Santa suggests swapping places for a bit. Anderson can visit his children, and he’ll visit Anderson’s with the presents. Anderson agrees to this, though he doesn’t have anything to give Santa’s children. “Aren’t you a carpenter?” asks Santa. He’s quite sure that with some wood, nails, and a knife, Anderson can come up with some gifts for the Claus household.
Carpenter Anderson does indeed come up with some beautiful gifts for Mrs. Santa and the elf children. He’s that clever with a piece of wood! It’s quite a Christmas Eve for all concerned.
This is a happy, imaginative story, illustrated in warm, fetching watercolors that include many quaint Scandinavian touches. A treat for ages 4 and up.
Lotta’s Christmas Surprise, written by Astrid Lindgren, illustrated by Ilon Wikland
originally published in Sweden in 1977; first English translation, 1978; this edition 1990 by R&S Books
We have thoroughly enjoyed the stories of the irrepressible, unruly Lotta and her siblings, Jonas and Maria, though they are less well known in the U.S. Lotta has a big heart, which puts her bullheadedness and peevishness in perspective at the end of the day. She’s a lovable little rascal.
It’s Christmastime which means — of course! — time to get a tree from the market. So imagine the numb despair when Dad shares the bad news that “there’s not a Christmas tree for sale in the whole town.” Seems that heavy snows made it difficult to trundle as many trees out of the forest and the shopkeepers in the square are plum sold out. Nothing anyone can do about it.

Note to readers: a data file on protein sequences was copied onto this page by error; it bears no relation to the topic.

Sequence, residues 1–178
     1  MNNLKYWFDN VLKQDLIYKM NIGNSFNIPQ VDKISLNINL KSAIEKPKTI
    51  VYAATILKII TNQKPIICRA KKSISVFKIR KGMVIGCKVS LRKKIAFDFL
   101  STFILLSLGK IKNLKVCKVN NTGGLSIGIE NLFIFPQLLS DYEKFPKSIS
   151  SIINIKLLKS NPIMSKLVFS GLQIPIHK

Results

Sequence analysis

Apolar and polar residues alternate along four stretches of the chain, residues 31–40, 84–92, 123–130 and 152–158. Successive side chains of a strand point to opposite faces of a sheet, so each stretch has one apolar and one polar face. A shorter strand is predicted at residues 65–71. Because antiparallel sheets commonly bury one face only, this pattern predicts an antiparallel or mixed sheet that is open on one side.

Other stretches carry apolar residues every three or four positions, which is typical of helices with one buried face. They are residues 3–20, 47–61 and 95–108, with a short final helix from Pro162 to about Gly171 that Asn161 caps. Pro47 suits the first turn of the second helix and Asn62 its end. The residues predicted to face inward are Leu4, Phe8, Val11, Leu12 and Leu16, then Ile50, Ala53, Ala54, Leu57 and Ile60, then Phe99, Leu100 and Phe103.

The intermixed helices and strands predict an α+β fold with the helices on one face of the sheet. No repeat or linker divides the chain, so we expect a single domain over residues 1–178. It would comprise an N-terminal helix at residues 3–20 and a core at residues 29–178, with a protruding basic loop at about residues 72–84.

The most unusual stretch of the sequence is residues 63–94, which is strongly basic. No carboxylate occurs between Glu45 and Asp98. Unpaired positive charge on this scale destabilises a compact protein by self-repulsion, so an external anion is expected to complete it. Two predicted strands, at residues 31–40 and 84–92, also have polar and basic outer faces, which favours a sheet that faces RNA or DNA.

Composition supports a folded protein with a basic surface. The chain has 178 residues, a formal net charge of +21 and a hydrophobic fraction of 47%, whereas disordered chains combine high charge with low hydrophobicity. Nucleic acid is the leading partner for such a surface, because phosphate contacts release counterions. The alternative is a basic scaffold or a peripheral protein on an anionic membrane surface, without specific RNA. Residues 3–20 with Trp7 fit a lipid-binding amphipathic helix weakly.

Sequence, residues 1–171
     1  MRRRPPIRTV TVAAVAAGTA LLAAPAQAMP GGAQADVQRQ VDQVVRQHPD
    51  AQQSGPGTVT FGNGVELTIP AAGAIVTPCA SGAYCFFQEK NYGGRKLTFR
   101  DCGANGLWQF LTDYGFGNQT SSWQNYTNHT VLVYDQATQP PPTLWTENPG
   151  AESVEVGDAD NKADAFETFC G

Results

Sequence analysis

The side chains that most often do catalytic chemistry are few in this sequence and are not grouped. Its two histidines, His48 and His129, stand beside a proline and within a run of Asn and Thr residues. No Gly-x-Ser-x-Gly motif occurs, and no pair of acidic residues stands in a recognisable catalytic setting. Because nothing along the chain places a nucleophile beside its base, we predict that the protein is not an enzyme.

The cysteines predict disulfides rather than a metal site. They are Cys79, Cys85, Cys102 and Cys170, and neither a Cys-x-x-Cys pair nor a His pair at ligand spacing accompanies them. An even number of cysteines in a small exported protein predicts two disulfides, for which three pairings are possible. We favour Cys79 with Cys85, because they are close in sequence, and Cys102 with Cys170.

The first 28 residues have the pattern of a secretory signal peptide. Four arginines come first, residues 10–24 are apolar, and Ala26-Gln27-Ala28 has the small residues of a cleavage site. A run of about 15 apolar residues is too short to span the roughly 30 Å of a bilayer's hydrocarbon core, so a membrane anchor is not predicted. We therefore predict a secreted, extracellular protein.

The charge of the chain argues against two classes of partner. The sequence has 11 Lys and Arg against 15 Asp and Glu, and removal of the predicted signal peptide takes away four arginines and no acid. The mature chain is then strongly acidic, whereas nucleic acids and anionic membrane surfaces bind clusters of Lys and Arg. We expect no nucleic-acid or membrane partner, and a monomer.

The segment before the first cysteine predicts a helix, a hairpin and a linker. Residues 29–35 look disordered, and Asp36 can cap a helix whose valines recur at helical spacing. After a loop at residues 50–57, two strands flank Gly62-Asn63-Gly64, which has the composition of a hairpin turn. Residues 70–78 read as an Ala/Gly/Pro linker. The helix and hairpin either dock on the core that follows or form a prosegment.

Christmas without a tree is a glum prospect. Lotta, however, has been boasting recently about the fact that she can do anything. “I can do anything — almost!” she announces over and over to her underwhelmed family. Now Jonas lays down the gauntlet: “You said you could do anything, Lotta, so get us a Christmas tree.”
You’ll enjoy this long-ish story of the small-but-determined Lotta and how she manages to procure a tree for her family. Illustrated by Ilon Wikland — my edition is in full color. So much happiness plus the charm of a Swedish household — I spy lingonberries spilling over the pancakes! Ages 3 and up.
Pippi Longstocking’s After-Christmas Party, written by Astrid Lindgren, illustrated by Michael Chesworth, translated by Stephen Keeler
originally published in Sweden in 1950; this edition published in 1996 by Viking
Surely you all know Pippi Longstocking, that feisty, unconventional lass from Villa Villekulla. This story was written by Lindgren shortly after the original book was published, but was not translated into English for more than 40 years.